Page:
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I-cores – Hypervisor-Based Synthesis of Custom Execution Environments on Multi-Core Systems

Final Report Summary - I-CORES (Hypervisor-Based Synthesis of Custom Execution Environments on Multi-Core Systems)

The I-CORES project (http://www.ics.forth.gr/carv/proj/icores.html) achieved significant improvements on the performance and energy-efficiency of many-core distributed and embedded systems. Originally conceived as a solution to overcome the performance and power limitations of instruction-level parallelism, many-core processors are now ubiquitous in systems ranging from mobile clients to datacenters. I-CORES focused on those aspects of many-core processors that enable efficient virtualised hosting environments for high performance computing applications.

The project made significant advances towards scaling up and out the software stack of homogeneous and heterogeneous many-core servers. These advances materialised into across the software sack: from the programming language implementation, where the project delivered new scalable implementations of Google's MapReduce programming model for leading architectures such as Nvidia GPUs and Intel SCC, to the runtime system, where the project explored novel energy- and performance-aware methods for scheduling and memory management, to the operating system and firmware, where the project developed new methods to seamlessly migrate code between heterogeneous instruction set architectures and new performance and power instrumentation tools for component-level monitoring in virtualised environments.

The computer systems market is work approximately eight trillion € (source: electronic numerical integrator and computer (ENIAC) the European technology platform for nanoelectronics), underpinning almost 16 % of the global economy. I-CORES developed software and tools that will enable scalable services on virtualised datacenters, which is a major future revenue generator for the Information and communications technology (ICT) industry. At the same time, I-CORES developed technology that would help major European vendors of hardware intellectual property (IP) to establish technological leadership, via software that enables efficient and productive use of their products.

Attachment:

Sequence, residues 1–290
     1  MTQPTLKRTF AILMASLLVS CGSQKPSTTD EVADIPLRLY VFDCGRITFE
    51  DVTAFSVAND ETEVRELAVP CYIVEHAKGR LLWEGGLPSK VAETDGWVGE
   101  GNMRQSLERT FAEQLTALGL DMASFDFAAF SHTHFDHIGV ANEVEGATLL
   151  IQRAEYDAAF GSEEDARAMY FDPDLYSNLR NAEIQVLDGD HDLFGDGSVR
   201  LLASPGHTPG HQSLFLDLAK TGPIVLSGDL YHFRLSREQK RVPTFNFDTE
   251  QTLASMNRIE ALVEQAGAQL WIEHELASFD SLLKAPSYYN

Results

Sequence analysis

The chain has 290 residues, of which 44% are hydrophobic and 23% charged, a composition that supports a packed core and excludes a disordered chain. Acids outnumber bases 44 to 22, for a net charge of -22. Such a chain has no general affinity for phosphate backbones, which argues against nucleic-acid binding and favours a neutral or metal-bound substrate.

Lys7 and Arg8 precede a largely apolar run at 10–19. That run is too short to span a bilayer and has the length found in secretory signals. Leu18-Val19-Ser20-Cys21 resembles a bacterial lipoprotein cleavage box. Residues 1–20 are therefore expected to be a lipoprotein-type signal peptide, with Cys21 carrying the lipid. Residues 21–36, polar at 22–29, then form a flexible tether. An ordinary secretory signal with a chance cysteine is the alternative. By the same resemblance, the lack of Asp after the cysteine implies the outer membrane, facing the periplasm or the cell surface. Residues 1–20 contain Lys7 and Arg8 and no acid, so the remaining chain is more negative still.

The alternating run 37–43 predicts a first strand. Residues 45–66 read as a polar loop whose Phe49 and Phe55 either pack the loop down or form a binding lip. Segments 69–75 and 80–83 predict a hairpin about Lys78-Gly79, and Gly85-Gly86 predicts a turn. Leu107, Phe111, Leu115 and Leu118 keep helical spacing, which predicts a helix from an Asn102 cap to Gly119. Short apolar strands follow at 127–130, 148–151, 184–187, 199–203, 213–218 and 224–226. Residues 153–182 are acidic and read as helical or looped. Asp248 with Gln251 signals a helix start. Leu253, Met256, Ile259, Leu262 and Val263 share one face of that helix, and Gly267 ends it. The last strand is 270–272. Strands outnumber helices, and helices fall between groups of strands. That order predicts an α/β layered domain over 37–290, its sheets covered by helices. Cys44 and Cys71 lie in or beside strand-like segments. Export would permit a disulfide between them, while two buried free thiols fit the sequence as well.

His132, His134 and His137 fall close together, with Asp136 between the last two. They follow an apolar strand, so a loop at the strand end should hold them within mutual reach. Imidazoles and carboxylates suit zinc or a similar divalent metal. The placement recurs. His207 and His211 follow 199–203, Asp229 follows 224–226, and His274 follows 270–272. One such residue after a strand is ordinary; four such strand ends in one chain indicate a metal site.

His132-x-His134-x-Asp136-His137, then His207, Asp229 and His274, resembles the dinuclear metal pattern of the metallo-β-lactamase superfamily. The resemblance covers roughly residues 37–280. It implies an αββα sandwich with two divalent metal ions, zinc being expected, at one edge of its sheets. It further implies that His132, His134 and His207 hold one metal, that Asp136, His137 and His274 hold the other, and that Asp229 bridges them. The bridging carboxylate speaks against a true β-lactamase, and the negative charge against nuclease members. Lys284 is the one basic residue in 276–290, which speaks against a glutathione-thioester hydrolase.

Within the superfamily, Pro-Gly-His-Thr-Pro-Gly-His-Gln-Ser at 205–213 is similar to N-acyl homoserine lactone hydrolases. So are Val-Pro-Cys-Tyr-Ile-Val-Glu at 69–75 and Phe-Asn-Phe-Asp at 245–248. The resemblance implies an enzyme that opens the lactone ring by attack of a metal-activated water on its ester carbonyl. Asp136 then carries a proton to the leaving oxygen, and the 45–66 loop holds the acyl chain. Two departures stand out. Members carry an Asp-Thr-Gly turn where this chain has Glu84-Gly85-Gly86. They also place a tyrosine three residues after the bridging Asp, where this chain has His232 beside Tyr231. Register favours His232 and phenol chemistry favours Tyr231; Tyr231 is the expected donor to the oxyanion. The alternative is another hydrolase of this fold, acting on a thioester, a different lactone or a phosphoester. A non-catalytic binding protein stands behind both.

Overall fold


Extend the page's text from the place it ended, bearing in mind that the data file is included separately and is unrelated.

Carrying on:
I-CORES trained early-stage researchers in the fundamentals of software and tools for future and emerging computing systems; it transferred skills and knowledge to undergraduate and graduate computer science education, particularly in the themes of programming, operating systems and computer architecture; it disseminated its results through publications in premier journals and conferences of parallel computing (such as journal of parallel and distributed computing (JPDC) and international parallel and distributed processing symposium (IPDPS)), through widely accessible articles in the popular press and through numerous seminars in European and international for a (such as meetings of the European network of excellence in high performance and embedded architectures and compilation, and the annual institute of electrical and electronics engineers (IEEE)/ association for computing machinery (ACM) supercomputing conference); it engaged actively and aligned with the roadmaps of leading computing system technology providers in Europe, including advanced RISC machine (ARM) and systems applications and products (SAP), and major multi-national corporations, including international business machines (IBM) and Intel; and it paved the path for numerous European research collaborations and joint funded research projects between the host institution, academic groups, industry and supercomputing centers in Europe.